Is the CFA Worth It?

Updated: Jan 22, 2020

The Chartered Financial Analyst (CFA®) designation is recognized pretty much as the top designation for investment management professionals.

There’s no doubt about the fact that this certification is a valuable one that can help your career and improve your knowledge base. But by how much? This article explores the time and cost trade-off and helps you calculate if the process of becoming a CFA® is worth the end result of being a CFA®.

Steps to Become a CFA®

It’s not easy to become a CFA® Charterholder. You need to take three really tough exams spaced a year apart, demonstrate related work experience, provide reference letters, and commit about $5K to the whole effort. And, from this English major whose skills lie far from high-level math ability and who would be hard-pressed to become a CFA®, you have to be really smart in math!

Steps from the CFA website:

1. Pass CFA Exams - CFA Program contains three levels of curriculum, each with its own exam. Passing the exam for all three levels is a requirement to obtain the CFA charter.

2. Achieve Qualified Work Experience - Complete work experience requirements before, during, or after participation in CFA Program. Your experience must be directly involved with the investment decision-making process or producing a work product that informs or adds value to that process.

3. Submit Reference Letters - In support of your membership application, you will need to provide 2-3 professional references. References will be asked to comment on your work experience and professional character.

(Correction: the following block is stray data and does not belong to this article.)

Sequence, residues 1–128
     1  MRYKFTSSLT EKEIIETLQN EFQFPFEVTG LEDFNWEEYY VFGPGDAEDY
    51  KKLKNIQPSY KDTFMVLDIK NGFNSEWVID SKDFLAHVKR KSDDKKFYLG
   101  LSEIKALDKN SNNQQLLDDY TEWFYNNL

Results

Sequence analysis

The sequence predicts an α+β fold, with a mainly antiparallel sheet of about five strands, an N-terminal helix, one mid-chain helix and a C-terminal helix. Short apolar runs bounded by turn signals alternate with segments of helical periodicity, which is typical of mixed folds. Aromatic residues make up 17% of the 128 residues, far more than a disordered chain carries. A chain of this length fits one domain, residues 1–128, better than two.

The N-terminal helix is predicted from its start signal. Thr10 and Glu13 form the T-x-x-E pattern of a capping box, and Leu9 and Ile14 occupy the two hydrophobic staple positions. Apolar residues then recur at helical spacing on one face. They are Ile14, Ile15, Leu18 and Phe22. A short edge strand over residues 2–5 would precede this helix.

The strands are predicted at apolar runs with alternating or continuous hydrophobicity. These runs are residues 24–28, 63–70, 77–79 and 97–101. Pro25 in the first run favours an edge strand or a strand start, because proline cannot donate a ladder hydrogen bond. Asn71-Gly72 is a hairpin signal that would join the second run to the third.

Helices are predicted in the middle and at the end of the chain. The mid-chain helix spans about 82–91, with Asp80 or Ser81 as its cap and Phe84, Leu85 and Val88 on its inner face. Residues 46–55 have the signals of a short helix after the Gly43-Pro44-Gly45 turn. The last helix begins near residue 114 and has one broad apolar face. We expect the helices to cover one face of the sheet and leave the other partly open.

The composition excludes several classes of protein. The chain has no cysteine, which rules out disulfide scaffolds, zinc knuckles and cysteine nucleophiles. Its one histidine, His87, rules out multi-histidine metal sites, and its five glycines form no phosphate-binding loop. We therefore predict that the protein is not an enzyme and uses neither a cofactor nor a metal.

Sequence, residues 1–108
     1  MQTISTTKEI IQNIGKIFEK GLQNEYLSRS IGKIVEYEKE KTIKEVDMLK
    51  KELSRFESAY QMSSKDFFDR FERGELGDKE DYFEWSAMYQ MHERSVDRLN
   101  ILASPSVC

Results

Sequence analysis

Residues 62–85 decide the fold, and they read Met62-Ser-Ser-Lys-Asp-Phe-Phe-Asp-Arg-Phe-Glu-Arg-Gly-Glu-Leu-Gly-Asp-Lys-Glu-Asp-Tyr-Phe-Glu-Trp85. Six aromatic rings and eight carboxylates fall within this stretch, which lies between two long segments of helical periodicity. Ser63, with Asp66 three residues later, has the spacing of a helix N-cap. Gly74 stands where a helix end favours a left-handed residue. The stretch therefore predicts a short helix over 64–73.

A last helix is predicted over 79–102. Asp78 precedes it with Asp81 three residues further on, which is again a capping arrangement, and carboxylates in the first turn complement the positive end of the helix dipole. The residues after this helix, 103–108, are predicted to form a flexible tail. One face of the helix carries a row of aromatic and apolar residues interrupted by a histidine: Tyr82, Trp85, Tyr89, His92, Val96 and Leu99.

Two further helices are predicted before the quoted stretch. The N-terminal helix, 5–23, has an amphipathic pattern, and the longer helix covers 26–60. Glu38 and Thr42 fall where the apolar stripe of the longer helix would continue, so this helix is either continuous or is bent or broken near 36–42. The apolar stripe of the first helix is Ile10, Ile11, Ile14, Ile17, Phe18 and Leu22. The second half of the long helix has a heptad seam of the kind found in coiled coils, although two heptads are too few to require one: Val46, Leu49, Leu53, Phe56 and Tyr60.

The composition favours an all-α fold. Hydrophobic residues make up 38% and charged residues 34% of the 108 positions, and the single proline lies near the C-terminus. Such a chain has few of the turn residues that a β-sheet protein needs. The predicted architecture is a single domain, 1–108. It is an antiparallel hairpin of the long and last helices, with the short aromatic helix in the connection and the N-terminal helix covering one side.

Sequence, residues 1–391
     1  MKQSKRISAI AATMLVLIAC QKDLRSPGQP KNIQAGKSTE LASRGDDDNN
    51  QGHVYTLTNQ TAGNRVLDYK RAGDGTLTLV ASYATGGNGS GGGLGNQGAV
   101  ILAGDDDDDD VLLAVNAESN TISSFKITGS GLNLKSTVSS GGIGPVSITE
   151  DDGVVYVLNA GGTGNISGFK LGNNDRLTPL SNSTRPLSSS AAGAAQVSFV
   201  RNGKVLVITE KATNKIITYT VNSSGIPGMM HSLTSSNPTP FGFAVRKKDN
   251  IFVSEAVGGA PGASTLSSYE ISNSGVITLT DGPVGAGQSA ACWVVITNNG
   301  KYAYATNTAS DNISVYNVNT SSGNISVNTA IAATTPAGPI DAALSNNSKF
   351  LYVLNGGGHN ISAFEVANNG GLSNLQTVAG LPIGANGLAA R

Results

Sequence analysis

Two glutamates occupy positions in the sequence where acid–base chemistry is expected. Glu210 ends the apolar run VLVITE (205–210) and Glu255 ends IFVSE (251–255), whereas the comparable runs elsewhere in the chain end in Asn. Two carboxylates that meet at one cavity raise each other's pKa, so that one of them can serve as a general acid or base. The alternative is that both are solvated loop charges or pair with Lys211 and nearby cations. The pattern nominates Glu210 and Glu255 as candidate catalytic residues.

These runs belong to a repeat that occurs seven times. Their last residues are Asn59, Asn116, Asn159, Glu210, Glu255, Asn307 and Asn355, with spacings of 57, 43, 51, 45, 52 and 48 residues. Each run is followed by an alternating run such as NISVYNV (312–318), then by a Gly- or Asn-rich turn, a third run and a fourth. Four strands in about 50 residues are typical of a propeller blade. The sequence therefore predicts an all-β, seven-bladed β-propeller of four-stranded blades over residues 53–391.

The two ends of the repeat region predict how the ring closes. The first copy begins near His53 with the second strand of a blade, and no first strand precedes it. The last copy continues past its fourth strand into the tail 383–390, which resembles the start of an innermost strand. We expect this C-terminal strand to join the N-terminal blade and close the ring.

4. Apply to Become a Charterholder - Apply to become a regular member of CFA Institute. Once your application is approved and you have joined CFA Institute, you will have earned the CFA charter.

Why It Could Be Worth It

A portion of high-paying financial services jobs require or prefer a CFA® Charterholder. Having the designation puts you in contention for these jobs that you wouldn’t have without CFA® after your name. As the Kaplan Schweser folks put it “the general consensus of most CFA® Charterholders is that it has paid off in terms of career, knowledge, satisfaction, and end results.” It’s definitely a designation that has high recognition even among non-financial people and especially among financial people. Anecdotally, whenever I personally see CFA® after a person’s name, I think, “Wow!”, and I’m more likely to listen to what they are writing in an article or saying in a podcast or teaching me